Aging Icelandic brothers Gummi (Sigurour Sigurjonsson) and Kiddi (Theodor Juliusson) have lived next to each other, with neither speaking to the other, for 40 years. But, they have to put their differences behind them when the one thing they have in common are put in danger – their sheep – in “Rams.”
Laura's Review: A-
In a rural Icelandic valley, the area veterinarian Katrin (Charlotte Bøving, "Everest") judges local farmers' prize sheep. When Kiddi (Theodór Júlíusson, "Jar City") is announced the winner by a mere 1/2 a point, runner up Gummi (Sigurður Sigurjónsson) is shocked. Gummi is Kiddi's neighbor AND brother and the two haven't spoken in forty years. Gummi's jealousy will have profound reverberations in "Rams." Writer/director Grímur Hákonarson black comi-tragedy was both the Cannes 2015 Un Certain Regard Winner and Iceland's submission for the Foreign Language Oscar and it's a winner. Steeped in a specific regional culture, you never know quite where "Rams" is headed. After learning that Kiddi's ram won because of a stronger back muscle, Gummi examines the animal and comes to a disturbing conclusion. He believes it has contracted scrapie, a contagious, incurable virus whose presence will condemn an entire flock to slaughter. When he shares this information with a friend whose farm is seemingly out of harm, he learns the man used Kiddi's ram for stud. When the news reaches Katrin, official action is taken and the two brothers react very differently. Kiddi drunkenly arrives to shoot through Gummi's windows and refuses to cooperate with officials. Katrin is stunned to find that Gummi has taken matters into his own hands, illegally, and slaughtered all of his own sheep, the last of a famous ancestral sheep-stock. But things are not as they seem and things escalate when the brothers are advised they will also have to thoroughly cleanse their barns, breaking down and removing pens. An official asks for Gummi's help in getting Kiddi's cooperation and we learn more about their past. Hákonarson's comedy is very black as he contrasts Kiddi's reckless, destructive behavior with Gummi's secretive celebrations. But he leaves us on a haunting note, the brothers finally coming together for a fateful last stand. Grade:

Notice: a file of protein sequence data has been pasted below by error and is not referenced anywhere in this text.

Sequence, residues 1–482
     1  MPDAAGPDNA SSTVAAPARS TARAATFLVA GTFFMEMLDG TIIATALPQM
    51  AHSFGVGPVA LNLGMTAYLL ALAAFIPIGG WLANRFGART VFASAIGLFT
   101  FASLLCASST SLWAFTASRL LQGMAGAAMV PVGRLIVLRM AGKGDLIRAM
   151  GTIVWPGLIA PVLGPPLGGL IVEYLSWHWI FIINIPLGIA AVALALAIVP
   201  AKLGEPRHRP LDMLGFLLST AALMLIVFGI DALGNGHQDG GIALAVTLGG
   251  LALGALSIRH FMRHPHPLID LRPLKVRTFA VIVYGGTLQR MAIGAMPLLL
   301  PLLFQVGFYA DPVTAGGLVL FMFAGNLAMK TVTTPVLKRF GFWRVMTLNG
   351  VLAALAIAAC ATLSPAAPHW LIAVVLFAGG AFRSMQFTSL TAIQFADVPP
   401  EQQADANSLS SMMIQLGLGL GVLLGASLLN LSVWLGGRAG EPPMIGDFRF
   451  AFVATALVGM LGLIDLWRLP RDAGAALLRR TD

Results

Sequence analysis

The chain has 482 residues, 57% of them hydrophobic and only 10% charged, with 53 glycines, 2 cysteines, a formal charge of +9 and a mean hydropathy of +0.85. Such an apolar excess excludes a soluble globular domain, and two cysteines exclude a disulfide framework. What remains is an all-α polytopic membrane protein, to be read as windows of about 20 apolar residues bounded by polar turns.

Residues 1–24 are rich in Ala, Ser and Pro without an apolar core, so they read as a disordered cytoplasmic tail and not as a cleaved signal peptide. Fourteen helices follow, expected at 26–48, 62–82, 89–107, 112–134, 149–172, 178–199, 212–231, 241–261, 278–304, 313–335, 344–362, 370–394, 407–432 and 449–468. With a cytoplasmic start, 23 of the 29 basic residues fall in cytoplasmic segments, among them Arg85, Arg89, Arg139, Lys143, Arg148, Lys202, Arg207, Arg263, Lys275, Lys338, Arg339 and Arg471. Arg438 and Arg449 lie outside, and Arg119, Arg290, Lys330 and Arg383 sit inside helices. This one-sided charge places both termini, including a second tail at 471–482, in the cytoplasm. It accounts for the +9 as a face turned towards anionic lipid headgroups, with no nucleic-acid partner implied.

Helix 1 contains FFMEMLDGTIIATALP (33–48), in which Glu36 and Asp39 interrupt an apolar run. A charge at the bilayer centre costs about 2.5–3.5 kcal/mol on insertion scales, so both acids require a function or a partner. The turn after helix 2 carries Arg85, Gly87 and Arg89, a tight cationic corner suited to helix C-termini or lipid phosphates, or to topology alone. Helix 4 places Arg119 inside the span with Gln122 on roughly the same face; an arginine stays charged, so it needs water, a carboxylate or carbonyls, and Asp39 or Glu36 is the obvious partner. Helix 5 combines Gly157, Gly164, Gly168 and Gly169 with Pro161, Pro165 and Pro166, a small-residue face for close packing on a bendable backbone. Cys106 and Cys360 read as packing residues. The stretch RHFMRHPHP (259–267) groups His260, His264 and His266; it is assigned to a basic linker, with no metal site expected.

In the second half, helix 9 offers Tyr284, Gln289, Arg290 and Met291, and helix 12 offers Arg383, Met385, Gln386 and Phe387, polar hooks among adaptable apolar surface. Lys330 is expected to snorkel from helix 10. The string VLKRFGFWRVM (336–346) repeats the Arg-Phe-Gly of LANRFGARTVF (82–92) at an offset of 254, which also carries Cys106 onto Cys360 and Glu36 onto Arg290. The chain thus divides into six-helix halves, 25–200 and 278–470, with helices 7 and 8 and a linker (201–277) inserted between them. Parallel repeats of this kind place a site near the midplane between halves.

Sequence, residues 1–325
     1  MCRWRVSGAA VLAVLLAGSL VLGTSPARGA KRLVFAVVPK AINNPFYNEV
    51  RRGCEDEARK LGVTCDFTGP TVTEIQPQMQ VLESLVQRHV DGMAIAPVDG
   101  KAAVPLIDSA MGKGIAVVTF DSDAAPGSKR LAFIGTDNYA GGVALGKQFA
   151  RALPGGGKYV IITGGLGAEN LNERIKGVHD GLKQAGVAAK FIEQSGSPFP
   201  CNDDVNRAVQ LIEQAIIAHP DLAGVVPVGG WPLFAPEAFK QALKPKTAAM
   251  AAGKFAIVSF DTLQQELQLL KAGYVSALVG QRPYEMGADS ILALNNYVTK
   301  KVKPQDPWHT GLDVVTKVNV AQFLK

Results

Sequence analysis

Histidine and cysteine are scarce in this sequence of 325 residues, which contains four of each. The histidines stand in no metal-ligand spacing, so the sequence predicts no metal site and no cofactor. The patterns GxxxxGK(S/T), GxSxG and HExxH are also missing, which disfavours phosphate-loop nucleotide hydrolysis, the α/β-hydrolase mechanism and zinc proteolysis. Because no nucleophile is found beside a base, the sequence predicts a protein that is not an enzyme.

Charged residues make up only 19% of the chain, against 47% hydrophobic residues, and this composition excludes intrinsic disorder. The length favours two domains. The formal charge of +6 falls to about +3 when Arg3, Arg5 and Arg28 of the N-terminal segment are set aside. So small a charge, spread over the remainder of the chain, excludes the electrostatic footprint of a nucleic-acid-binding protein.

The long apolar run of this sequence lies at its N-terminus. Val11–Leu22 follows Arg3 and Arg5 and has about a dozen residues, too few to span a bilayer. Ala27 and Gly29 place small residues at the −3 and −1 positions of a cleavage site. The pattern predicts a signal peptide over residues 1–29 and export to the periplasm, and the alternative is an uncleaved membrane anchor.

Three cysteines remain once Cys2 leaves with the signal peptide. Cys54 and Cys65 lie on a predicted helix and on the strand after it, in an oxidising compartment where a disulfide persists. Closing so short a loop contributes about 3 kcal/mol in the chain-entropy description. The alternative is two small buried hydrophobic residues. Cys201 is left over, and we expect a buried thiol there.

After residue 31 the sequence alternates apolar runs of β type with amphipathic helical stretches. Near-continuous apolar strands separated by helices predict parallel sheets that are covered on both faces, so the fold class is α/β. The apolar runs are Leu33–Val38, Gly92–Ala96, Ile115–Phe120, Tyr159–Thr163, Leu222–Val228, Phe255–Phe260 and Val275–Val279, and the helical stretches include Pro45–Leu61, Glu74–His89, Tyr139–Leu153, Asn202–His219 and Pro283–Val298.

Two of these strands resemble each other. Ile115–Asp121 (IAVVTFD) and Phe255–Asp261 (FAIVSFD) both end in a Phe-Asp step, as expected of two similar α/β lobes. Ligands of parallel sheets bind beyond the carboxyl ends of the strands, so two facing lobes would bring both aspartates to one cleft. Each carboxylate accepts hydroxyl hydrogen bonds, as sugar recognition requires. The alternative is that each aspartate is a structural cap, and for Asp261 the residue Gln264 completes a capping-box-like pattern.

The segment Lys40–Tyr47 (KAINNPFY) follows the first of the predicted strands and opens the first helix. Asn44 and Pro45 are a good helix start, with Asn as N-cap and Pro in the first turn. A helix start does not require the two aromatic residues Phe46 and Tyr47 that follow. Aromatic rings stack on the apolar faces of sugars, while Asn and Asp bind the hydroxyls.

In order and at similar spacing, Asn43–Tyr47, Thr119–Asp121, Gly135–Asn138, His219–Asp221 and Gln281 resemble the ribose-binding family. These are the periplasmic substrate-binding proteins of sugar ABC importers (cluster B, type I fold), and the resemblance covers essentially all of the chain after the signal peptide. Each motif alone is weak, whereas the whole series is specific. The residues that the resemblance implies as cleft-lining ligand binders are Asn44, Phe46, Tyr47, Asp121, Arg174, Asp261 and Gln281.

Robin's Review: B
Woody Harrelson hits one out of the park with his tour de force performance as a corrupt and cynical cop who also happens to be a family man with two ex-wives, sisters Barbara (Cynthia Nixon) and Catherine (Anne Heche), and a daughter by each, Helen (Brie Larson) and Margaret (Sammy Boyarsky). Dave is also a sex addict who does not eat food, a racist, a bigot and a powder keg that could explode any minute. With the exception of the Independent Spirit Awards and the Satellite Awards, Harrelson has been overlooked by all other awards organizations, including the Academy and this is a shame. Harrelson dominates the film but his supporting cast does a good job in fleshing out their small roles. Name actors and unknowns populate the story with the likes of Robin Wright, Ned Beatty (is he Dave’s mentor, ghost or hallucination?), Sigourney Weaver, Ben Foster and Ice Cube showing up in small roles that help move the story forward smoothly. “Rampart” reteams Harrelson with his director from “The Messenger,” Oren Moverman, and others from that film, including cinematographer Bobby Bukowski. The look of the film, using saturation to wash out colors, is retro 1990’s, which suits a film set in the era of Rodney King.